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COMMONWEALTH PENNSYLVANIA v. ROBERT PITTMAN (10/14/83)

filed: October 14, 1983.

COMMONWEALTH OF PENNSYLVANIA
v.
ROBERT PITTMAN, APPELLANT



No. 1813 Philadelphia, 1981, Appeal from the Judgment of Sentence in the Court of Common Pleas, Trial Division, Criminal Section, of Philadelphia County, October Term, 1980, Nos. 2034/2036.

COUNSEL

John J. Kevlock, Philadelphia, for appellant.

Garold E. Tennis, Assistant District Attorney, Philadelphia, for Commonwealth, appellee.

Spaeth, Rowley and Cirillo, JJ. Spaeth, J., files a dissenting opinion.

Author: Rowley

[ 320 Pa. Super. Page 170]

This is a direct appeal from the judgment of sentence imposed upon appellant after a jury returned its verdict finding him guilty of criminal conspiracy, criminal trespass, and attempted theft in connection with an early morning break-in on September 10, 1980, of the Mission Church in South Philadelphia. Post-verdict motions were filed and denied on June 17, 1981. This appeal followed. We conclude that the trial court committed no error and, accordingly, the judgment of sentence will be affirmed.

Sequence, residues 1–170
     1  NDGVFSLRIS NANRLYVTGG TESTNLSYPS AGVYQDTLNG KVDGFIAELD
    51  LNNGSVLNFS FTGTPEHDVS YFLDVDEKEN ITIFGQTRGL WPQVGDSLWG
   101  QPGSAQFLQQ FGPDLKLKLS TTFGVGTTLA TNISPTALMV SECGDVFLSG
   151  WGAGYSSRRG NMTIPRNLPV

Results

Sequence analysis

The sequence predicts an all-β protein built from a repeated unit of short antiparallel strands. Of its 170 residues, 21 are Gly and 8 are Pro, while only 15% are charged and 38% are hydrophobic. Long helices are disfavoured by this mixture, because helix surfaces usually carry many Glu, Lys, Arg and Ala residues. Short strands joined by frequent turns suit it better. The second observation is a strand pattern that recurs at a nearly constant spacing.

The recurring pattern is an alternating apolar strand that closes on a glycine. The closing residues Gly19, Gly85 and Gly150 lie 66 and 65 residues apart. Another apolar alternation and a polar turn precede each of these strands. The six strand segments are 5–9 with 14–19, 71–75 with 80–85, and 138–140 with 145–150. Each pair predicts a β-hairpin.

Appellant makes several arguments.*fn1 However, except for one, they have been waived. In his post-verdict motions, appellant assigned numerous errors. Appellant's counsel filed no brief in support of the motions. When the motions were called for argument, counsel at first stated that he had no argument but then he asked leave to present argument in support of the sixth assignment of error, which reads:

6. That Defendant was denied his Constitutional, legal, and procedural rights as set forth by Rule 1106 by the Attorney for the Commonwealth's exercise of a peremptory challenge of a juror after said juror had been accepted by both sides.

Leave was granted and argument was heard, after which the lower court denied the motions.

[ 320 Pa. Super. Page 171]